Skip to main content
Article
Intimate Partner Violence in the Great Recession
Demography (2016)
  • Daniel Schneider, University of California, Berkeley
  • Kristen Harknett
  • Sara McLanahan, Princeton University
Abstract
In the United States, the Great Recession was marked by severe negative shocks to labor market conditions. In this study, we combine longitudinal data from the Fragile Families and Child Wellbeing Study with U.S.
Bureau of Labor Statistics data on local area unemployment rates to examine the relationship between adverse labor market conditions and mothers’ experiences of abusive behavior between 2001 and 2010. Unemployment and economic hardship at the household level were positively related to abusive behavior. Further, rapid increases in the unemployment rate increased men’s controlling behavior toward romantic partners even after we adjust for unemployment and economic distress at the household level. We interpret these findings as demonstrating that the uncertainty and anticipatory anxiety that go along with sudden macroeconomic downturns have negative effects on relationship quality, above and beyond the effects of job loss and material hardship.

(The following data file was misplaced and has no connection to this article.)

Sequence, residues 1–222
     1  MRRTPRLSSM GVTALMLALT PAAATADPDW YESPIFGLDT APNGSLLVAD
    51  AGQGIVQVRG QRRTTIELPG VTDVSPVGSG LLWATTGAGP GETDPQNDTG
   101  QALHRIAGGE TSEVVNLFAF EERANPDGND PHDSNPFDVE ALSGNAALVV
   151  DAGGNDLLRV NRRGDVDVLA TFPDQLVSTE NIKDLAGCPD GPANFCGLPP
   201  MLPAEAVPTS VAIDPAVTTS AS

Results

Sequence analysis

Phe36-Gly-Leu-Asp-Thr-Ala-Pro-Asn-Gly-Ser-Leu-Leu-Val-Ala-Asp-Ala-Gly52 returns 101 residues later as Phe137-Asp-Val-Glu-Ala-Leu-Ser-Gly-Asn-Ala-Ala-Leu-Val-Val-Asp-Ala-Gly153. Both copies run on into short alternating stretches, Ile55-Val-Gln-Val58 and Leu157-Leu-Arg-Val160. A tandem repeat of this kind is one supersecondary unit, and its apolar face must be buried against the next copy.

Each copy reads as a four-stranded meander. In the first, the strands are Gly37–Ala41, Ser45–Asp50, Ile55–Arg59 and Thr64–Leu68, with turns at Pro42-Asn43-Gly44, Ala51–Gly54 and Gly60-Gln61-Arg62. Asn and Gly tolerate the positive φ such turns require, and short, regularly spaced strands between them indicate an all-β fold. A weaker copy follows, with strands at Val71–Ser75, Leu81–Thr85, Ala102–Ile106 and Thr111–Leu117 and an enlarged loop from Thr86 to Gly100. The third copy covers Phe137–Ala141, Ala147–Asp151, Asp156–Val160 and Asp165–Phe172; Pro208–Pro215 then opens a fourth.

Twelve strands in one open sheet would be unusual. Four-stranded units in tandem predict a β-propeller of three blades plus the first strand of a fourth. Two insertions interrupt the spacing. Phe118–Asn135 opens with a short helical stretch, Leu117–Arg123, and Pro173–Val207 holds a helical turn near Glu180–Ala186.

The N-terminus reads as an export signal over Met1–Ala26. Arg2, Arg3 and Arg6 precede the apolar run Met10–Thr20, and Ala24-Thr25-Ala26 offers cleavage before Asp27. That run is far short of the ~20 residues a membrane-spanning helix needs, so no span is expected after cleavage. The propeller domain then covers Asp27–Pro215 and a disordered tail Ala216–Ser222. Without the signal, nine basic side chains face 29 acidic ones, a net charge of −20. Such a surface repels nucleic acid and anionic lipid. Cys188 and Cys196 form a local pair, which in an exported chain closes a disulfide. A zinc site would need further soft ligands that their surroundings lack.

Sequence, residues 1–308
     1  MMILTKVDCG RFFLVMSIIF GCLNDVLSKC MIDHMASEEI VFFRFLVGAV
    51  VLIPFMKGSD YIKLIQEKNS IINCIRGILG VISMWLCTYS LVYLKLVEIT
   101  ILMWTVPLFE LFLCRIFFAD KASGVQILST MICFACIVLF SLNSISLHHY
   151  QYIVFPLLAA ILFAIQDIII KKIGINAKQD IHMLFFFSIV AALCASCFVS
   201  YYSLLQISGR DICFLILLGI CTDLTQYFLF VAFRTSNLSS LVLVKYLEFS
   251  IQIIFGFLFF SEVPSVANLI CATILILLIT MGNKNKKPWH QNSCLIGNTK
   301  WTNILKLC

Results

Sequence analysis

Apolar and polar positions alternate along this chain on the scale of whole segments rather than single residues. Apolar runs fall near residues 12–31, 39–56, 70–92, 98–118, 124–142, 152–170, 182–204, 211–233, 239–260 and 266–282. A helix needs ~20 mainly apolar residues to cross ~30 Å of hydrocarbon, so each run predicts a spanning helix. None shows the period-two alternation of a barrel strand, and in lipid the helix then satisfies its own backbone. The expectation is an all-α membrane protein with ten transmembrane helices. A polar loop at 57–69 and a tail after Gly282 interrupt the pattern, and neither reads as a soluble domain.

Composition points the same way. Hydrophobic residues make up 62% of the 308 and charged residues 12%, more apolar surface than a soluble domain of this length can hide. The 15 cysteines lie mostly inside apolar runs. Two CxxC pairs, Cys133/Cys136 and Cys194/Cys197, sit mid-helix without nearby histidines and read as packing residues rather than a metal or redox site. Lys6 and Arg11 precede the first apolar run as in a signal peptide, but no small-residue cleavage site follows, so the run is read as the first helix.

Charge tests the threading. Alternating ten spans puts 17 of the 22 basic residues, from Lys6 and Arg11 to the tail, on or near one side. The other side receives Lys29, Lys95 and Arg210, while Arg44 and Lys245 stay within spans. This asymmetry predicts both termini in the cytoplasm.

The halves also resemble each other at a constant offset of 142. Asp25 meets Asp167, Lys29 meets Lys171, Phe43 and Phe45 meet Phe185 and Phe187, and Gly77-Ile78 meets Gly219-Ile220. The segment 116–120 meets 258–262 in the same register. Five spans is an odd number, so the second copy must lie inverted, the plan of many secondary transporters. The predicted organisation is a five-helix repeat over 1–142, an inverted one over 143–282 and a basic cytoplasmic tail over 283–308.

Keywords
  • Intimate Partner Violence,
  • Recession,
  • Relationship Quality
Publication Date
2016
DOI
10.1007/s13524-016-0462-1
Citation Information
Daniel Schneider, Kristen Harknett and Sara McLanahan. "Intimate Partner Violence in the Great Recession" Demography Vol. 53 (2016) p. 471 - 505
Available at: http://works.bepress.com/kristenharknett/16/